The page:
Submitted to: Crop Protection
Publication Type: Peer Reviewed Journal
Publication Acceptance Date: 6/20/2006
Publication Date: 5/23/2007
Citation: Gugino, B.K., Carroll, J.E., Widmer, T.L., Chen, P., Abawi, G.S. 2007. Field evaluation of carrot cultivars for susceptibility to fungal leaf blight diseases in new york. Crop Protection 26:709-714
Interpretive Summary: Fungal leaf blight disease of carrots caused by two fungi is an annual problem in New York. Carrot cultivars react differently in their susceptibility to these diseases. The objective of this study was to evaluate commonly grown carrot cultivars in New York for their disease reaction so that this could be used in an integrated pest management program. It was found that five different carrot cultivars were resistant to one fungus while three were resistant to the other fungus. Two of these cultivars were the same for both fungi. One of the cultivars was the most susceptible for both fungi. The results presented are important in that they provide information to the grower on what carrot cultivars are most likely to get diseased. This information can then be used to better predict the amount of fungicide applications that will need to be used.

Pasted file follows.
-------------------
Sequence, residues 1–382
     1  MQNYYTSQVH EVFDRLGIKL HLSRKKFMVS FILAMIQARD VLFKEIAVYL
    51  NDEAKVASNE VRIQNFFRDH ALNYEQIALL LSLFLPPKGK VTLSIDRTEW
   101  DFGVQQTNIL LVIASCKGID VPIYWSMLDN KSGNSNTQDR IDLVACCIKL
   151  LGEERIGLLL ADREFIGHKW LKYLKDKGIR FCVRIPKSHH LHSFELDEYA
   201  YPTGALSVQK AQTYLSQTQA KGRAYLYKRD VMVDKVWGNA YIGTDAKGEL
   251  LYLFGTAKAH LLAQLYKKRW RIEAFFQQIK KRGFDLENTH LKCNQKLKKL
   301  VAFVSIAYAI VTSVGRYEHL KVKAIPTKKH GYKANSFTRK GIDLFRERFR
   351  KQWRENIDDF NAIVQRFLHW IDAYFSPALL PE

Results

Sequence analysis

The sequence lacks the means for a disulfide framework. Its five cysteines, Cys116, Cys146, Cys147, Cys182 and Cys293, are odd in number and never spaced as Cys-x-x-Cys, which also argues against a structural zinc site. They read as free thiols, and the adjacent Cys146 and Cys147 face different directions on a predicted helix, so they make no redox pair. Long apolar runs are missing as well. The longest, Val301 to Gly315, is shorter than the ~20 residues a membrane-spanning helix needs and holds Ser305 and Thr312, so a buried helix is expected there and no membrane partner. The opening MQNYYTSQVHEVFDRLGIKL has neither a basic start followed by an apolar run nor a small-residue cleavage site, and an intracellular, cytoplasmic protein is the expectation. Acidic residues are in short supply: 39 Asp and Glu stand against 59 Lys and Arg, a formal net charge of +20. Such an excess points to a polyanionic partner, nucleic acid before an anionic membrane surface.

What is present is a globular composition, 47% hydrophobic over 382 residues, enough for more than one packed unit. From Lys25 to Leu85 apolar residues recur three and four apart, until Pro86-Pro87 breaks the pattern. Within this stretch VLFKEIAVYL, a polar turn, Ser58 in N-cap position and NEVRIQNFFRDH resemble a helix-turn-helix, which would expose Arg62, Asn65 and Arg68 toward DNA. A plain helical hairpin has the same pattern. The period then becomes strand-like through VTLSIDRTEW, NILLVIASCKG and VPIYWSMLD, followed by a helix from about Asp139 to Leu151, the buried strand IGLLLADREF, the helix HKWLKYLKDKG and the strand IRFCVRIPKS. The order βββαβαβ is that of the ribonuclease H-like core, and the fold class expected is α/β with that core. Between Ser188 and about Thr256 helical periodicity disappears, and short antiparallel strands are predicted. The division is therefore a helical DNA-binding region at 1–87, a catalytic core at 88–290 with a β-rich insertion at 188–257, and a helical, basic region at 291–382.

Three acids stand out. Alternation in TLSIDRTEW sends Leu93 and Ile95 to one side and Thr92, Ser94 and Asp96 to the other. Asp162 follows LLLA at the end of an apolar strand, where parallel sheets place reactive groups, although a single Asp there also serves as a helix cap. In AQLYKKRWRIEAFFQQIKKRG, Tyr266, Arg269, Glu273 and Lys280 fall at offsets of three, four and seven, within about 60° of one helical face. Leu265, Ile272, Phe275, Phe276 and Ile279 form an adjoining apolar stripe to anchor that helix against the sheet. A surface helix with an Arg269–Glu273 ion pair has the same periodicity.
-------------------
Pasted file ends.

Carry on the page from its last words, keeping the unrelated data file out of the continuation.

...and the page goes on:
Technical Abstract: Carrot cultivars grown in New York were evaluated for susceptibility to the fungal leaf blight pathogens Alternaria dauci (1999) and Cercospora carotae (2000 to 2003)in an experimental field under continuous carrot cultivation since 1996. Replicated plots were established in a randomized complete block design. Plants were rated for disease incidence and severity at regular intervals. Cultivar susceptibility was ranked based on the area under the disease progress curve. An IPM program for carrot leaf blights conducted in growers’ fields provided the opportunity to determine the impact susceptibility had on date fungicide threshold was reached. Bolero, Carson, Calgary, Ithaca, and Fullback were resistant to Alternaria. Bolero, Carson, and Bergen were resistant to Cercospora. Fontana was most susceptible to both leaf blights. In grower fields, more resistant cultivars reached the 25% disease incidence threshold later than more susceptible counterparts. Carrot cultivar susceptibility was incorporated into an IPM program for these diseases.